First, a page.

Fish ladders and hatcheries planned for species threatened by hydro-power projects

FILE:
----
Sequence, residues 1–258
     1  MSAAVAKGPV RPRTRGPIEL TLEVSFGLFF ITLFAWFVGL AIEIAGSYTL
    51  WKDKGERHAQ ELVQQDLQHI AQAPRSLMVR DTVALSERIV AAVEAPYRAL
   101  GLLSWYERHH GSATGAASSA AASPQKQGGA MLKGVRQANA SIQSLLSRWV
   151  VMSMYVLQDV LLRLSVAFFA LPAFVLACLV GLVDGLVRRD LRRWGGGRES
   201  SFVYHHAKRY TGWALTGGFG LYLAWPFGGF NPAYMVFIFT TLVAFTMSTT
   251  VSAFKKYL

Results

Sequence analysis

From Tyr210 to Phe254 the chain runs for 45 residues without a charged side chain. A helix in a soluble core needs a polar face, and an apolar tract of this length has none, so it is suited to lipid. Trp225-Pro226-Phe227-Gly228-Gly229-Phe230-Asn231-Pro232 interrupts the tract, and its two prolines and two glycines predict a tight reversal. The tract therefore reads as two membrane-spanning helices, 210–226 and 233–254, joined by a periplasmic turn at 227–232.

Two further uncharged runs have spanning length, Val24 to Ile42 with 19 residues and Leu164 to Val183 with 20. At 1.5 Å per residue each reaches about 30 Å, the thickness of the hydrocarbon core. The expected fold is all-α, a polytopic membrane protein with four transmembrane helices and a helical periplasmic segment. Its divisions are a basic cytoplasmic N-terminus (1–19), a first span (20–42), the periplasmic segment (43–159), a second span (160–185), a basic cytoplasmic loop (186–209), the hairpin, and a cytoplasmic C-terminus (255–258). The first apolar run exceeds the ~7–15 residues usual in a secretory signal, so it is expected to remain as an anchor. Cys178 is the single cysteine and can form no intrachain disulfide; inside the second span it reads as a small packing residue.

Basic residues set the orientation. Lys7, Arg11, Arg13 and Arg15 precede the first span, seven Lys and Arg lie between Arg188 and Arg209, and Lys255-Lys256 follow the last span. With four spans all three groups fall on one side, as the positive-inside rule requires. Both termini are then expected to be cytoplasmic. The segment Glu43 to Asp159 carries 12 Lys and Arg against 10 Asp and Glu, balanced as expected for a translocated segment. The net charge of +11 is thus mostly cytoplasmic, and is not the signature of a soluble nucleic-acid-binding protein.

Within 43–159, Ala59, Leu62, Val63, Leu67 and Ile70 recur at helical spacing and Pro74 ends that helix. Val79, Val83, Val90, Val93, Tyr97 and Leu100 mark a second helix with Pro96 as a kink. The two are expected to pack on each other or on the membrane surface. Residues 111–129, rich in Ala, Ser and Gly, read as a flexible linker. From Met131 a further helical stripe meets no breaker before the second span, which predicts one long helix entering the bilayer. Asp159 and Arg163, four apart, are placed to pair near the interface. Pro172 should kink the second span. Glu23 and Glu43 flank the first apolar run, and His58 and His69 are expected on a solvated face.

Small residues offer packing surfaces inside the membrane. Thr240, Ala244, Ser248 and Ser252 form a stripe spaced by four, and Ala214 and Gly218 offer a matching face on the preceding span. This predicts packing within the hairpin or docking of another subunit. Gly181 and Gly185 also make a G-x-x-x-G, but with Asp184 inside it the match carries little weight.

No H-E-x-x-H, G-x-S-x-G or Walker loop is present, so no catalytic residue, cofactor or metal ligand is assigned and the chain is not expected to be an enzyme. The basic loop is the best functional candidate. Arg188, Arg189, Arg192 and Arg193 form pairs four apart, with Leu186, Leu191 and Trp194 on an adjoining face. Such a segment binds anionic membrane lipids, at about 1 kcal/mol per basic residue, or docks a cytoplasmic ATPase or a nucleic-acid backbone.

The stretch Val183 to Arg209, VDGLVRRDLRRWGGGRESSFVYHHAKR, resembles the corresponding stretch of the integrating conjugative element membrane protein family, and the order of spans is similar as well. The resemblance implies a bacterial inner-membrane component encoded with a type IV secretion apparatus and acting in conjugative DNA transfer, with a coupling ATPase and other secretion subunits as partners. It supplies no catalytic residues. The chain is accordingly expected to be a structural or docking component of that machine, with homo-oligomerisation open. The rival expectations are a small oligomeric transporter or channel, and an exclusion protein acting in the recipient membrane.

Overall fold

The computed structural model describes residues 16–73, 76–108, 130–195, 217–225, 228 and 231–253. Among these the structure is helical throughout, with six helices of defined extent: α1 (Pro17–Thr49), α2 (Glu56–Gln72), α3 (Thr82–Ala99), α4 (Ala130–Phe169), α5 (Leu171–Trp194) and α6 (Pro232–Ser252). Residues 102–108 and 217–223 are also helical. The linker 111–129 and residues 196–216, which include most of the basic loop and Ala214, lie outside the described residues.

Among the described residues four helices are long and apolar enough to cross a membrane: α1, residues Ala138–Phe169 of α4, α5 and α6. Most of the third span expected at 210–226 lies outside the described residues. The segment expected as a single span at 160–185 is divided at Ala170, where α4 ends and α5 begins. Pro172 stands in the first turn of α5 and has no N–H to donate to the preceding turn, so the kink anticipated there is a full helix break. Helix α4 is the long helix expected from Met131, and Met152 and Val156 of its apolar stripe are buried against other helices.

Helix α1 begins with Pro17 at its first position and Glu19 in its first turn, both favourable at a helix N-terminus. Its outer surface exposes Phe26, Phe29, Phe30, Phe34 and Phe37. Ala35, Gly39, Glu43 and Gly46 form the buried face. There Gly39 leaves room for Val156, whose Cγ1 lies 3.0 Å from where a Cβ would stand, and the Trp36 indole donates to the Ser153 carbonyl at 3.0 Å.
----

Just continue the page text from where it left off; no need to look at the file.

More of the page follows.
Bhutan’s hydropower projects, the engine of the country’s economy, is affecting the ecosystem and migratory patterns of native fish stock. To mitigate the threats, the department of livestock has begun breeding program for native species like golden mahseer and snow trout. Studies conducted by the department has found that regulating the water flow using dams result in high mortality of fish eggs and younglings and also cause destruction to habitat and food source downstream. The threat Existence of a dam on a river results in the modification of the river’s physical, chemical and biological attributes and cause wide changes in the response of the fish and an overall change in the community structure of fish. The construction of dam breaks the continuity of the river and blocks the migratory route of fishes to their spawning habitats, and also affects the spawning sites downstream due to their operations. “Fish blocked from their spawning habitats may reabsorb their eggs. It is a concern regarding the persistence of the species,” said Livestock Officer Karma Tenzin. A single storied hatchery building near the dam would be used for incubation of eggs and rearing with adequate protection from direct sunlight. The hatchery would be equipped with all necessary equipments like hatching trays and rearing tanks. Hatching trays and rearing tanks would supply with adequate clean water from the dam’s reservoir through efficient plumbing. The hatchery floor and walls will be lined with marble or ceramic, and the ceilings provided with waterproof lining. After they fishlings attain a certain size at the artificial breeding center, they are released upstream. Fishways Fishway, a ‘ladder’ for enabling fish to pass around a fall or dam in a stream, would attract fish toward a collection site upstream. Fishes are expected to swim up the fishway into a pool which would have facility to haul fish in high numbers with minimum effort and transport in tank trucks to hatchery for breeding or to release upstream sites. A fishway with a trap will be more practical in Punatsangchu as there is lack of information on the swimming efficiency of native fish species found in the river. Bhutan is believed to have the least disturbed population of Golden Mahseer. Elsewhere around the world, this fish is under indiscriminate pressure from changing habitat and fishing leading to its population decline.